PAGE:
Harvard University

Note a separate walking tour provides an introduction to the historic center of the campus around Harvard Yard.

In the early seventeenth century, when it was only a house on nine acres, students paid tuition in farm produce, livestock, and useful items: cutlery, an ax for chopping firewood, even a pair of used boots. Harvard College was almost a theological school, and half of its graduates filled positions in New England churches. Attendance at morning prayer and evensong remained compulsory into the nineteenth century.

Today the university owns 567 acres between Cambridge and Allston, and has the largest academic endowment in the world at around $40Bn. Though theology is no longer its main line of business, Harvard has elevated many architectural dieties through the years. Its faculty and alumni, and the campus itself, have had a broad and significant impact on the architecture of Boston - and the world.

Robert Campbell called the campus "a living museum of almost every trend in the history of American architecture." It is a remarkable collection, though the curation sometimes leaves something to be desired: insensitive alterations, siting, and mediocre neighboring buildings often detract from their appreciation. H. H. Richardson's Austin Hall was forever compromised when it ended up in the back yard of the Littauer Center. The Carpenter Center, the only North American building by Le Corbusier, was only recently welcomed into full view by virtue of the new Harvard Art Museum project.

Creating the Harvard Square Defense Fund in 1979 brought out a surprising assertiveness in the community, particularly against contemporary architecture, and today the Cambridge Historical Commission is responsible for preserving the city's historical integrity and diversity. Decades after I. M. Pei’s 1973 proposal for a Kennedy Presidential Library was rebuffed near the site of today's Kennedy School (the design was later repurposed as the Louvre Museum pyramid in Paris), Hans Hollein’s early design for a book conservation center at 90 Mount Auburn was turned down, as was a plan to consolidate the Harvard Art Museums along the Charles. More recently, "new classical/modern traditionalist" architect Robert A.M. Stern has been engaged at the Law School, Business School, and Kennedy School to try to restore some coherence to what had become fragmented campuses. These designs generally look backward, assimilating rather than challenging, except perhaps in their large scale.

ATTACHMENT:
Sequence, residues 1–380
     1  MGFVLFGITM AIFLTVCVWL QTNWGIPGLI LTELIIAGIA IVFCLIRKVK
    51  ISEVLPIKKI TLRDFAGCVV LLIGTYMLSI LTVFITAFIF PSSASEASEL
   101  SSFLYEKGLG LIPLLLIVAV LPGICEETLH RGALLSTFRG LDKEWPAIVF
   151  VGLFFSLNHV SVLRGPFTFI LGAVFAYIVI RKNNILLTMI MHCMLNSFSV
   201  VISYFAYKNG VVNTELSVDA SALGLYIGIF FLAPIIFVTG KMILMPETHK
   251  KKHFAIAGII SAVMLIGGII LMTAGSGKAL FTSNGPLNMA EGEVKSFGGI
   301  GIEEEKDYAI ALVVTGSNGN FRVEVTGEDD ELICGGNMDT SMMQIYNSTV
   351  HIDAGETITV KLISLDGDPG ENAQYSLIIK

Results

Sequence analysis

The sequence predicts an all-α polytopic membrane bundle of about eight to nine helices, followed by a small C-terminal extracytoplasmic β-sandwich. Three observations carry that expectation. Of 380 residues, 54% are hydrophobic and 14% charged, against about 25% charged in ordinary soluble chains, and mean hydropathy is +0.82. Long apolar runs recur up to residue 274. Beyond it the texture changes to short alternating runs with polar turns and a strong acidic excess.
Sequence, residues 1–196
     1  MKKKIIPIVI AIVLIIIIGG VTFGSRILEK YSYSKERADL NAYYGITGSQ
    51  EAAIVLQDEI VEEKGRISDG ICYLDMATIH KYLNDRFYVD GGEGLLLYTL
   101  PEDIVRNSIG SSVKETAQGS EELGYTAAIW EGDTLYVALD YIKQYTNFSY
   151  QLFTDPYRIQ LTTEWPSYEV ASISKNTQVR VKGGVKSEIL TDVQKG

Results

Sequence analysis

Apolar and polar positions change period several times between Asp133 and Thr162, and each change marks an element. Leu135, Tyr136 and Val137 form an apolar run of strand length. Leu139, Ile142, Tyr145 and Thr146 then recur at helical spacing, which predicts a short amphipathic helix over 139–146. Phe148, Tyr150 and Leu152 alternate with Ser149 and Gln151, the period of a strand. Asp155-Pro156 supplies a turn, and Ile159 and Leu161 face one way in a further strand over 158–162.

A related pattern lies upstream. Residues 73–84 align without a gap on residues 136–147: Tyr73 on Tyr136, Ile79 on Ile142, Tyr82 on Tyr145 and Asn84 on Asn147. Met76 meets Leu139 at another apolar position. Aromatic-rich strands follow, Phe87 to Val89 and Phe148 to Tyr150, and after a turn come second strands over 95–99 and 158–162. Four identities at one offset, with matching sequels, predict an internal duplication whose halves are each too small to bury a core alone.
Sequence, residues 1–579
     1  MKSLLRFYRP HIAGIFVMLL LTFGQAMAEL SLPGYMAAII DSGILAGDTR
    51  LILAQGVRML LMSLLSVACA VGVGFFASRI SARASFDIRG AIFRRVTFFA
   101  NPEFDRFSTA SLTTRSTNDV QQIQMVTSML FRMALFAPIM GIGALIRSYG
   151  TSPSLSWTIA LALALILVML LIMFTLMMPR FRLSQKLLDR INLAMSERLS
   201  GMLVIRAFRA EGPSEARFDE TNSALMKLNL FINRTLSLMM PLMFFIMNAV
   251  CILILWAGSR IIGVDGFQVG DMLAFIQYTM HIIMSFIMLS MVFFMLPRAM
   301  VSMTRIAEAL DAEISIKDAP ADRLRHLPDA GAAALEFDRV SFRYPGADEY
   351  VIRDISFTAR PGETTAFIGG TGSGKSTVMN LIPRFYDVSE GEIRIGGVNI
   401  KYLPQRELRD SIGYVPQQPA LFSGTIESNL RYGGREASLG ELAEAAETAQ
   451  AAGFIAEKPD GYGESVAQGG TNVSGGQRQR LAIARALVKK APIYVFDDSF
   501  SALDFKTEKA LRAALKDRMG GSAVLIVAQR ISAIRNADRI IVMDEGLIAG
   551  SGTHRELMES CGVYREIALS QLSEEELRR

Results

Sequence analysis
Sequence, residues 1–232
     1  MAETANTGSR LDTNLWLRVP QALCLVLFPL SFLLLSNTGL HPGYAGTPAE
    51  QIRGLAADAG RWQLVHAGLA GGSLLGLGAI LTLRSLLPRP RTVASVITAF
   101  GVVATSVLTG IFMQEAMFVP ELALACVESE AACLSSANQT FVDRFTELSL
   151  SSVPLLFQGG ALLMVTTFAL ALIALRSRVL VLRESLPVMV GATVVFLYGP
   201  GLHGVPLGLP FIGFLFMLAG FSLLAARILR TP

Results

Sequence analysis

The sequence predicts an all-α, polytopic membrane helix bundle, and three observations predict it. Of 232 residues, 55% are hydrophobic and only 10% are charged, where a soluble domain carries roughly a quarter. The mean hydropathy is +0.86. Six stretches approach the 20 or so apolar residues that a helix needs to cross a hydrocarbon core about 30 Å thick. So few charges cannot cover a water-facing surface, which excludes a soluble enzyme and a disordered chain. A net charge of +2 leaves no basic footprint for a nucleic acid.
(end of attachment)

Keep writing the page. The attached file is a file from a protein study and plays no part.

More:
On the other hand, contemporary projects including the Harvard Art Museums by Renzo Piano and several by innovative architects such as Leers Weinzapfel, Kyu Sung Woo, and Kennedy & Violich reflect an improved focus on community relations, and a recovering appetite to push the boundaries of design. Going forward, expect Harvard's more revolutionary building projects to arise across the river on the new Allston campus. For better or worse, it's difficult to imagine another Carpenter Center or Lampoon Castle passing public muster in Cambridge today.

For those interested in learning more, Douglas Shand-Tucci's "Harvard University Campus Guide" provides a thorough and colorful reference on Harvard's history and development.